Willing, if not able

Thinking about wills (thank you, Tim) reminded me of my mother’s.  One of her quirks in later life was to tweak its details every so often.  Only in minor ways, we found several former wills drawn up over a period of about five years and the main items were the same, but minor specific legacies to my sister and me were changed regularly – she’d left almost everything to us anyway, so there didn’t seem much point to this, but it evidently gave her some satisfaction.  The final change was a bit odd.  She left me her car, which she’d already given to me (before making the change), although I refused to accept the gift in case she became well enough to drive again, which she did, as it happened.  She left Wink a portrait of herself (of Wink, that is) that Wink had always disliked and which she refused to take, so it’s now somewhere in our attic.  The third stipulation was the odd one, though.  She declared that everything in her house should be left exactly as it was – well, obviously she didn’t mean not to clear out the fridge.  The furniture and everything.

Darlings, I’m normally a polite woman but this was a bit much.  “She wants it kept as a shrine?  For how long, forever?  She didn’t even own the house!”

Actually, she’d much have preferred what actually happened, which was that Al moved in (having redecorated and removed much of the furniture) and he and his family still live there.  She’d love that, far more than having all her things still there gathering dust nine years on.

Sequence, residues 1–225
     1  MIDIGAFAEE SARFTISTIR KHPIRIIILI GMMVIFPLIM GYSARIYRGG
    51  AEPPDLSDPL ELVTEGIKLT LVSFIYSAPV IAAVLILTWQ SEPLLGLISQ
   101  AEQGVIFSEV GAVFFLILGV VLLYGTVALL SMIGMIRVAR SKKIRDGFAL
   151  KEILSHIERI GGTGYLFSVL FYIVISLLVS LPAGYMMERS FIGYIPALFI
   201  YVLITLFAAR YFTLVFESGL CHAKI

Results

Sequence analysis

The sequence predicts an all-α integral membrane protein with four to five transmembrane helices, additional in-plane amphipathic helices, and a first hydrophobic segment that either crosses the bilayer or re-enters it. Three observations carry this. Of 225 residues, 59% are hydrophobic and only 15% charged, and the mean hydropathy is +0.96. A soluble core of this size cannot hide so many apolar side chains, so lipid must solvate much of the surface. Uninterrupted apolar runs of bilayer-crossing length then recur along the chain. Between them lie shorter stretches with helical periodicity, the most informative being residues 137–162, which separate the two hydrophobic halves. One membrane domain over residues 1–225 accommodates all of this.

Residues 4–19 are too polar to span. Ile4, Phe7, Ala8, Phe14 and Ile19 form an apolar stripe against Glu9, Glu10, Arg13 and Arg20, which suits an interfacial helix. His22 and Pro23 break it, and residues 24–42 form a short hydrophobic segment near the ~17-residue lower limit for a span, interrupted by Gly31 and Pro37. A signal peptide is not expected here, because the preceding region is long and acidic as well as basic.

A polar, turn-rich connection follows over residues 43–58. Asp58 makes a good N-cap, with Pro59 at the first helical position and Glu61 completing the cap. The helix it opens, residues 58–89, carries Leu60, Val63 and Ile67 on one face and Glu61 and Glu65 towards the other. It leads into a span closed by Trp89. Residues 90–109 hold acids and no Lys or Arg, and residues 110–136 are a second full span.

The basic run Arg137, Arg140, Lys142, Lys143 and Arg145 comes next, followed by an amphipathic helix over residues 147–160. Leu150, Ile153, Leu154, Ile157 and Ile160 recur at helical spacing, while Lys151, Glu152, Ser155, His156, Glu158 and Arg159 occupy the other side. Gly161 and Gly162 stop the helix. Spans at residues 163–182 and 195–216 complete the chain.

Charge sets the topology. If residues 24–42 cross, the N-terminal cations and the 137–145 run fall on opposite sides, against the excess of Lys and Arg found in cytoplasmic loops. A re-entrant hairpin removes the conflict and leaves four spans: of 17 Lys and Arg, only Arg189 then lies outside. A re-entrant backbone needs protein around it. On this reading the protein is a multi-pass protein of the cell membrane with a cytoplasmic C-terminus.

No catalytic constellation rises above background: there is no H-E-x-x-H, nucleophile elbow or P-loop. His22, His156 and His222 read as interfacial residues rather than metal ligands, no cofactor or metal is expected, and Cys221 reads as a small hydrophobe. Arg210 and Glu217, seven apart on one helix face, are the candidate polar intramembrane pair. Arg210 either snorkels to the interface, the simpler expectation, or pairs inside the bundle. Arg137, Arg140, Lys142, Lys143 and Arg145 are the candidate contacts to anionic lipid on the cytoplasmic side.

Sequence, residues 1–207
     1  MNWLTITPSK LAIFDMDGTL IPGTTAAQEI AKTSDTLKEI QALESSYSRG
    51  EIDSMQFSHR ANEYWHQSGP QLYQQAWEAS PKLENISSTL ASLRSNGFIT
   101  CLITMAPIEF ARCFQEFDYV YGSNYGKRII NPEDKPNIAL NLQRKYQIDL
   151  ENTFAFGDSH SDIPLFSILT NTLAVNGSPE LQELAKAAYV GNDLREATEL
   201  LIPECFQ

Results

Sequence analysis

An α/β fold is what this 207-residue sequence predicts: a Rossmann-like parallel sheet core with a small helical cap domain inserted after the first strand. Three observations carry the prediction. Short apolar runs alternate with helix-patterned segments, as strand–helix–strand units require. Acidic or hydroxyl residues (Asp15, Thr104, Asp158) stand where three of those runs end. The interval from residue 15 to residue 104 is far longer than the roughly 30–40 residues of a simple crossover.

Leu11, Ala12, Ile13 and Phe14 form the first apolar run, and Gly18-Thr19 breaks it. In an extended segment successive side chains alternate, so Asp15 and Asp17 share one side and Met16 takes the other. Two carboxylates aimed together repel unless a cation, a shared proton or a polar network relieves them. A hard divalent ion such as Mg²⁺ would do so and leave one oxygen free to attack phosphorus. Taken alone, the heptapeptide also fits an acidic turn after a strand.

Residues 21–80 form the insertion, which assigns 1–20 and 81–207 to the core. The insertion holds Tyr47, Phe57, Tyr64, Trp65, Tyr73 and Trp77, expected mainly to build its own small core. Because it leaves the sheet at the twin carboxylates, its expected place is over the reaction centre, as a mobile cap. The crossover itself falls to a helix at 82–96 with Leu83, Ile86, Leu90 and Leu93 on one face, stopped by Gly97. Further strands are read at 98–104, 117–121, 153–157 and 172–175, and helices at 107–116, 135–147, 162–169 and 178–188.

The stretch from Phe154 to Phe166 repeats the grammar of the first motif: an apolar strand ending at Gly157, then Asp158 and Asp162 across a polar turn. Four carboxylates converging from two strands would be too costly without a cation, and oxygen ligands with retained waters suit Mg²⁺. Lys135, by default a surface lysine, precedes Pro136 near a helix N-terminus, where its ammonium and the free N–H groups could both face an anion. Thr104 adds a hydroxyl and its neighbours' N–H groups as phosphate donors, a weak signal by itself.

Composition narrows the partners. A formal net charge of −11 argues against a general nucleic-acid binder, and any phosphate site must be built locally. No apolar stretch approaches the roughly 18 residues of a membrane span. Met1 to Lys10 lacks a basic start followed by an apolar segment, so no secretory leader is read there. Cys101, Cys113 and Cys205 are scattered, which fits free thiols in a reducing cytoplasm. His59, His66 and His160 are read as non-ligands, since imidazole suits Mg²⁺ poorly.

8 comments on “Willing, if not able

  1. Jane and Lance Hattatt

    Hello Z:
    We are rather in the mind set of your mother, although not at all unhappy, and rather enjoy the whole process of will making and are frequently dreaming up changes to be made which our solicitors effect both with regularity and without a murmur.

  2. Z

    Well, the Sage and I have simply left wills leaving everything to each other, or if one of us has already popped off then to the children. But in view of what you say, I’ll alter the wording a bit – she never wanted to change her will until she became discontented with life – some tweaks were really random! – but that’s probably not a general thing.

  3. Macy

    My mother’s will is a Great Secret, the contents of which are to be known only after her death.
    Now she’s really in the end stages, she’s been asking to see her lawyer. Since she currently thinks she’s in Budapest, I hope no lawyer’s going to judge her to be in sound enough mind….

  4. Z

    I’m so sorry, Macy, it’s very difficult. Memories of good times will come back in the end, and be stronger than those of her in recent years (and I don’t mean because you’re gaga yourself), and you’ll remember her as the mother you used to know.

  5. mig

    We’ve just left everything to each other too except for a few things like my violins and my mother’s jewellery which were either wanted or I don’t want sold out of hand – they might be treasures one day? Or worth something in a pinch.
    It took us about ten years of dithering to get round to actually writing the wills though.

  6. Z

    We want to help our children while we’re alive, not just leave it to them in our wills – mind you, we still have to have enough to live on!


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